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Warren Township Police Department
Thursday May 3rd, 2018 :: 09:49 a.m. EDT

Advisory

Warren Police would like to remind residents of safety tips & simple bear facts.

With black bears emerging from winter dens and entering a very active period of the year in search of food and mates, the Warren Police & the Department of Environmental Protection’s Division of Fish and Wildlife is reminding residents, of basic precautions this spring to reduce the risk of potential encounters.

Bears that learn to associate food with people, and their homes and property, can easily become nuisance bears that forage for easy sources of food in neighborhoods. Residents can greatly reduce the risk of interactions with bears by taking commonsense steps. Most importantly, people should never feed bears, intentionally or unintentionally.

DEP wildlife experts stress that a black bear simply passing through an area and not causing a specific problem, such as breaking into trash or otherwise trying to access food sources on peoples’ properties or posing a safety threat, should be left alone. The Division of Fish and Wildlife advises people to leave the area and allow the bear to continue on its way. When frightened, bears may seek refuge by climbing trees.

The Division of Fish and Wildlife also offers the additional following tips to minimize conflicts with bears this spring:

  • Secure your trash and eliminate obvious sources of food, such as pet food on decks, easy-to-reach bird feeders, or food residues left in barbecue grills.
  • Use certified bear-resistant garbage containers if possible. Otherwise, store all garbage in containers with tight-fitting lids and place them along the inside walls of your garage, or in the basement, a sturdy shed or other secure area.
  • Wash garbage containers frequently with a disinfectant solution to remove odors. Put out garbage on collection day, not the night before.
  • Avoid feeding birds when bears are active. If you choose to feed birds, do so during daylight hours only and bring feeders indoors at night. Suspend birdfeeders from a free-hanging wire, making sure they are at least 10 feet off the ground. Clean up spilled seeds and shells daily.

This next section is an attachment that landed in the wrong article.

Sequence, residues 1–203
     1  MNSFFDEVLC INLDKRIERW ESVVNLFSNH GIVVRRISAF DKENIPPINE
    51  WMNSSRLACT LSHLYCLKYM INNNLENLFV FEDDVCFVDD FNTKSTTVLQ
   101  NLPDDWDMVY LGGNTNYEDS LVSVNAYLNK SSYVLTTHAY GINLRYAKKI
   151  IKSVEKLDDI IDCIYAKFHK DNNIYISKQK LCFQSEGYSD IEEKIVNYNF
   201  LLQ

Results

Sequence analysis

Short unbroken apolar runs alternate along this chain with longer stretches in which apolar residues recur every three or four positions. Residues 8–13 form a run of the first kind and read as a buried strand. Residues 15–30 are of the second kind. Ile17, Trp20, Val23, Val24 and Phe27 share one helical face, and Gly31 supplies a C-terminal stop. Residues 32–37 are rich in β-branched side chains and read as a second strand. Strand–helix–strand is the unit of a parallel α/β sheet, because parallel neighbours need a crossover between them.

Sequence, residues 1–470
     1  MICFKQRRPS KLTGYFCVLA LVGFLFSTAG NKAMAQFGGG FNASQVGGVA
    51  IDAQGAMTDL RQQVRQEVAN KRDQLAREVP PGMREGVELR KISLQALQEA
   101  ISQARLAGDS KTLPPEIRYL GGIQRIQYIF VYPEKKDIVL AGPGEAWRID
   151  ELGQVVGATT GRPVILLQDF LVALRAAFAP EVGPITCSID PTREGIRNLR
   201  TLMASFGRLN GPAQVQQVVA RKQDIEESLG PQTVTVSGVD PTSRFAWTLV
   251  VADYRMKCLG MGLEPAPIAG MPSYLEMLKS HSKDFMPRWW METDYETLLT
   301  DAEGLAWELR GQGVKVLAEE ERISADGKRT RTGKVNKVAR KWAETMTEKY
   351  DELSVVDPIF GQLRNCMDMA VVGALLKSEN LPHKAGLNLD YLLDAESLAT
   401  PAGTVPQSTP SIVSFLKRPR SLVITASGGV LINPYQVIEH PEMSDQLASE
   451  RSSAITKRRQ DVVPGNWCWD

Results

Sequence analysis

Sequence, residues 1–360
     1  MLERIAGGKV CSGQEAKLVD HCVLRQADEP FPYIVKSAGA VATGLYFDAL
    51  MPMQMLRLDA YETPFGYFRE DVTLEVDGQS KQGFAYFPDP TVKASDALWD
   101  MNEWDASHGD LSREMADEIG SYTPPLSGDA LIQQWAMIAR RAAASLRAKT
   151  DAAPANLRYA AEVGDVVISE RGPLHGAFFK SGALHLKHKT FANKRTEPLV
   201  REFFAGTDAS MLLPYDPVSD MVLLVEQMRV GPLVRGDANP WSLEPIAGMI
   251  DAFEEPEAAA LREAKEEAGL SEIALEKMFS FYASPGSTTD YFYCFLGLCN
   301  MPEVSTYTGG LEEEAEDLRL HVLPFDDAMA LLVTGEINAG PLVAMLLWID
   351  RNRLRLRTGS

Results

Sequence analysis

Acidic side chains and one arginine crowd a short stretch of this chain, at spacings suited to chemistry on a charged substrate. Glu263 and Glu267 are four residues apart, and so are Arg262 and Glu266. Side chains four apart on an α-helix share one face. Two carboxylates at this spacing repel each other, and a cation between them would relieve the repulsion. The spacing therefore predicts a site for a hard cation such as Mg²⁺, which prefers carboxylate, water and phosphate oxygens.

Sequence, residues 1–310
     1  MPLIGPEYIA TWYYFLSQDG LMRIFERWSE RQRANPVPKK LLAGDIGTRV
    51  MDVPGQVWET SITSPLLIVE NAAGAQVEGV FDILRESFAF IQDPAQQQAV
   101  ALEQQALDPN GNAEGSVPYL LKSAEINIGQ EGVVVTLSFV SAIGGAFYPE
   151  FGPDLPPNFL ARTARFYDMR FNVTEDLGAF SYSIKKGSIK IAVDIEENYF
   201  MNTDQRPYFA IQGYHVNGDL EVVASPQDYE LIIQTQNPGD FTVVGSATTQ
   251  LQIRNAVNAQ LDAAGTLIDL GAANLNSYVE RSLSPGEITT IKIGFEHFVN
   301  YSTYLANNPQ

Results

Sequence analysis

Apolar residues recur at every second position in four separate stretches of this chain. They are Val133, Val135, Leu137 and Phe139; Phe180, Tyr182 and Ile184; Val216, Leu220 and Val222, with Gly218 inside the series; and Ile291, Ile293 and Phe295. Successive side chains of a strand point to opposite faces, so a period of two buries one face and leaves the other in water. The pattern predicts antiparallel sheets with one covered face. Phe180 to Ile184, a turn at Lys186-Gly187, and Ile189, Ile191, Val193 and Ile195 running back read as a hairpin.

• Immediately remove all uneaten food and food bowls used by pets fed outdoors.
  • Clean outdoor grills and utensils to remove food and grease residue. Store grills securely.
  • Do not place meat or any sweet foods in compost piles.
  • Remove fruit or nuts that fall from trees in your yard.
  • Install electric fencing as an effective way to protect crops, beehives and livestock.

If you encounter a bear that is standing its ground, remain calm and do not run. Make sure the bear has an escape route. Avoid direct eye contact, back up slowly and speak with a low, assertive voice.

Residents should report bear damage, nuisance behavior or aggressive bears to the DEP Hotline at 1-877-WARN-DEP (877-927-6337) or the Warren Police at 908-753-1000.

Black bears have been sighted in all 21 New Jersey counties, and bear-human encounters have occurred more frequently in recent years in places outside of traditional bear country, defined as the area west of Interstate 287 and north of Interstate 78.

To learn more about New Jersey’s black bears, their history in New Jersey and ways to avoid problems with them, visit www.nj.gov/dep/fgw/bearfacts.htm.

The following bear safety tips are provided by the New Jersey Department of Environmental Protection Division of Fish and Wildlife.

Black bears by nature tend to be wary of humans and avoid people. However, if you encounter a black bear in your neighborhood or outdoors while hiking or camping, follow these common-sense safety tips.

  • Never feed or approach a bear!
  • Remain calm.
  • Make the bear aware of your presence by speaking in an assertive voice, singing, clapping your hands, or making other noises.
  • Make sure the bear has an escape route. (If a bear enters your home, provide it with an escape route by propping all doors open.)
  • Avoid direct eye contact, which may be perceived by a bear as a challenge. Never run from a bear. Instead, slowly back away.
  • To scare the bear away, make loud noises by yelling, banging pots and pans or using an air horn. Make yourself look as big as possible by waving your arms. If you are with someone else, stand close together with your arms raised above your head.
  • The bear may utter a series of huffs, make popping jaw sounds by snapping its jaws and swat the ground. These are warning signs that you are too close. Slowly back away, avoid direct eye contact and do not run.
  • If a bear stands on its hind legs or moves closer, it may be trying to get a better view or detect scents in the air. It is usually not a threatening behavior.
  • Black bears will sometimes “bluff charge” when cornered, threatened or attempting to steal food. Stand your ground, avoid direct eye contact, then slowly back away. Do not run.
  • If the bear does not leave, move to a secure area.
  • Immediately notify the DEP's 24-hour, toll-free hotline: 1-877-WARN DEP (1-877-927-6337).
  • Families who live in areas with high black bear populations should have a “Bear Plan” in place for children, with whistles, air horns and an escape route.
  • Black bear attacks are extremely rare. If a black bear does attack, fight back

Address/Location
Warren Township Police Department
44 Mountain Boulevard
Warren, NJ 07059

Contact
Emergency: 9-1-1
Non-emergencies: 908-753-1000

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